Hey, everyone. In case you didn’t know, Nanowrimo is a thing where people try to write a 50,000 word novel in a month. I just finished a project and thought I’d play around with it. So here’s my beginning. I doubt I’ll finish it in that time because I have a few other obligations this month, including Windycon in Chicago, where I will be the Author Guest of Honor (so you should probably check that out).
Anyway, here it is. Hope you enjoy it.
The bad news was that I was dead.
The worse news was that I wasn’t quite dead enough.
They had a room in the county morgue where they kept not-quite-dead people. It wasn’t much. Just a couple of chairs and a rack of old magazines. I flipped through a five year old copy of People without reading it and waited. I’d hoped being dead meant my waiting days were over.
A man in a suit entered. He had the demeanor of a person in charge, but not in a bludgeoning manner. He was calm, like a guy who had seen it all and knew how to deal with it. You only had to be smart enough to listen to him.
“Hello, Mr. Harker,” The Specialist said. “Having an interesting day, I see.”
He sat in the chair beside me.
“You’re aware you died?”
“So they tell me. I woke up in a drawer.”
I hadn’t believed them at first. Until I noticed the stillness. A living body makes a lot of noise. Squishing. Gurgling. Whooshing. Thumping. All that was gone now. You don’t notice a heartbeat. It’s always there. Until it isn’t. It’s disquieting when it’s gone.
“I understand how strange this must be for you, but rest assured, there are protocols in place to help with your transition.”
“Great,” I said. “So am I a zombie?”
“Zombie is a pejorative term,” he replied. “Also, it’s not even accurate. The original word comes from Haitian voodoo, and means a person stripped of their free will to act as a slave. Popular culture would have you believe any dead person walking around is a zombie, but that’s an oversimplification. And let’s not even get into the craving for human flesh cliche.”
“I’m not going to eat people then?”
“Not unless you want to. Do you want to?”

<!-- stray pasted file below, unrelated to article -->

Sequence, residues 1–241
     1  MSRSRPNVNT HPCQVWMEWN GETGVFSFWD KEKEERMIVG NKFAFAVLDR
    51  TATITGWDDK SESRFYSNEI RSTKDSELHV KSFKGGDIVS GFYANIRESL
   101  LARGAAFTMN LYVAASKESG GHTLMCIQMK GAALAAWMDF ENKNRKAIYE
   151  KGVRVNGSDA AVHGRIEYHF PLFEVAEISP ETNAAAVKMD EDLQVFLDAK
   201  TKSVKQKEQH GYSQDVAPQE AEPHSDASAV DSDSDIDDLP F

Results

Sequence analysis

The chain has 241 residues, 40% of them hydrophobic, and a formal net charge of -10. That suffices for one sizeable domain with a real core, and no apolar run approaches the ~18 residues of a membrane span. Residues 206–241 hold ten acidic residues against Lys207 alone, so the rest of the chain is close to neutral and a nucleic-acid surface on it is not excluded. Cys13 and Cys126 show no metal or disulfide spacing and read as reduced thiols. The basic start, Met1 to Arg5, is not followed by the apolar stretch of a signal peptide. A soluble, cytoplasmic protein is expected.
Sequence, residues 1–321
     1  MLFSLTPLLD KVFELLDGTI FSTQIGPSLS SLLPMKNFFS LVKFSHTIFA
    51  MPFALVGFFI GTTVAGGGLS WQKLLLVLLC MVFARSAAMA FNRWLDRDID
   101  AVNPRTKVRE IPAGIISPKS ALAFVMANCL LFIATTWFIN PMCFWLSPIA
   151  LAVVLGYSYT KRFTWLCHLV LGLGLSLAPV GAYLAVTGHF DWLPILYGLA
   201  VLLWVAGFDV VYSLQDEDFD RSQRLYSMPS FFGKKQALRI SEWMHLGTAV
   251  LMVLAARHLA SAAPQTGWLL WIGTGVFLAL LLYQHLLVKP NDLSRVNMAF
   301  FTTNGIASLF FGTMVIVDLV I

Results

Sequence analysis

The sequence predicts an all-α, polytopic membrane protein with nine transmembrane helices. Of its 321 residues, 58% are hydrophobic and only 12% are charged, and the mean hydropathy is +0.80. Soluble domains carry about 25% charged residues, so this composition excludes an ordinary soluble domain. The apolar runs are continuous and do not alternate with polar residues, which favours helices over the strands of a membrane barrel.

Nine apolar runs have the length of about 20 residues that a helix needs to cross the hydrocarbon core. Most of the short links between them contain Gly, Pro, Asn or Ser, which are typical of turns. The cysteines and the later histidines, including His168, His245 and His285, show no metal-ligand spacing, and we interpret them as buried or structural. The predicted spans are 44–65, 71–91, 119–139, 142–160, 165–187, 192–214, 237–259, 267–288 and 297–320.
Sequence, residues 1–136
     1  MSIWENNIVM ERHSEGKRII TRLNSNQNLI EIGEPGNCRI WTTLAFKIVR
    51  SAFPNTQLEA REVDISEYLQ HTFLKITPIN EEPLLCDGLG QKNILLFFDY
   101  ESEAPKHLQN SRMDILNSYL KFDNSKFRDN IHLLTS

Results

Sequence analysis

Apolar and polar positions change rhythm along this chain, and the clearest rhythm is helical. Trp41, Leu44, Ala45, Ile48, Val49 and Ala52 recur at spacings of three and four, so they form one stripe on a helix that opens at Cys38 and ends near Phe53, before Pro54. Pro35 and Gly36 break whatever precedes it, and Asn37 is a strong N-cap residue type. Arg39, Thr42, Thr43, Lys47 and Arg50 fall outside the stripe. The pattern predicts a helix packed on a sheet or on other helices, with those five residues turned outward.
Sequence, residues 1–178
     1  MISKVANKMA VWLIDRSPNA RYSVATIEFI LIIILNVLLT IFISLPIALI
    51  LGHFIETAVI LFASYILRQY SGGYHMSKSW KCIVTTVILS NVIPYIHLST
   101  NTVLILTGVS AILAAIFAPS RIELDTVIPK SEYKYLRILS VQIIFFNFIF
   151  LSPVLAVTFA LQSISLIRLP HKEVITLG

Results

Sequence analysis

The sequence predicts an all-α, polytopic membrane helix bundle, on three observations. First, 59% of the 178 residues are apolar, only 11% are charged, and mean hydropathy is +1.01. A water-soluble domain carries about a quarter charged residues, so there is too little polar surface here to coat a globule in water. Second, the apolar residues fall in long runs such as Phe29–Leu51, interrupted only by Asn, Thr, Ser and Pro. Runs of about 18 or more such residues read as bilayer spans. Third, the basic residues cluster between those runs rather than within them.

I didn’t want to eat anything. Eating was something living things did to keep on going. I wasn’t alive.
“What am I?”
“You’re a revenant, a formerly living person returned to a semblance of life through sheer willpower.”
That didn’t sound like me.
“Can you tell me why you’re here?” he asked.
“I thought you were here to tell me that.”
“No, I mean, can you tell me what you want to do. Right now.”
I thought about it for a few moments. I didn’t have a goddamn clue what I wanted to do.
“I don’t know.”
He nodded. “Interesting.”
He said it with pity, like commenting on a three-legged dog hopping around.
“There’s nothing on your mind?” he asked again.
“Is that bad?” I asked.
“No. Unusual, but not necessarily bad. Revenants usually have a singular focus on whatever compelled them to return from the grave. It’s what drives them, often to an all-consuming obsession.”
I searched my soul (assuming I still had one) for that thing that compelled me. I dug deep into the depths of myself, and I came up empty.
“I wouldn’t worry, Mr. Harker,” he said. “These things sort themselves out. According to the coroner’s report, you were found in your room, victim of an apparent overdose of sleeping pills and alcohol. Your death was ruled a suicide, but now that we know this isn’t true, we’ll look into it.”
“How do you know it isn’t true?” I asked.
“Revenants and suicide don’t mix. A pathological will to live is what defines a revenant. So perhaps it is a desire to see your murderer brought to justice that returned you to life.”
“I doubt it,” I said.
“Just the same, do you have any suspects in mind?”
“I know who killed me,” I said.
“Terrific. Give us a name and we’ll see what we can do about it.”
I stared at my pallid hands holding the magazine that I’d been flipping through without purpose. The cold, dead fingers of a cold, dead man.
They didn’t believe me at first. Nobody who killed themselves came back as a revenant. People who had sacrificed their lives in pursuit of a goal and those who had died by their own reckless endangerment, sure, that was always possible. But in order to come back from the dead the way I had, you had to want to live.
I’d never wanted to live.
I hadn’t always wanted to die, but passion for life, I’d never had that. Blame it on my childhood or bad brain chemistry or what have you, but even as a kid, I’d viewed life as something to be endured. I’d walked the line between apathy and depression for as long as I could remember, and depression had finally won out.
And now I was back. Back to that thing I’d never liked that much to begin with. The peace of the grave was out of my reach, and when I asked if there was a way to get it, the city’s specialist said the only known method was to achieve the goal that had brought me back.
I didn’t have one of those.
“What about a bullet to the head?” I asked.
He shook his head.
“Fire? Decapitation? Stake through the heart?”
“There has to be a way,” I said.
“Only two. Achieve that goal that brought you back. Or lose your will to live.”
“I don’t have a will to live.”
“Apparently. It’s a conundrum.”
“So I’m alive. Alive-ish. Forever.”
“Forever is a long time,” he said. “But it’s theoretically possible.”
It was the final cruel joke of a universe that had always been fucking with me, and I laughed. Genuinely amused. Maybe for the first time in my whole life and whatever this was.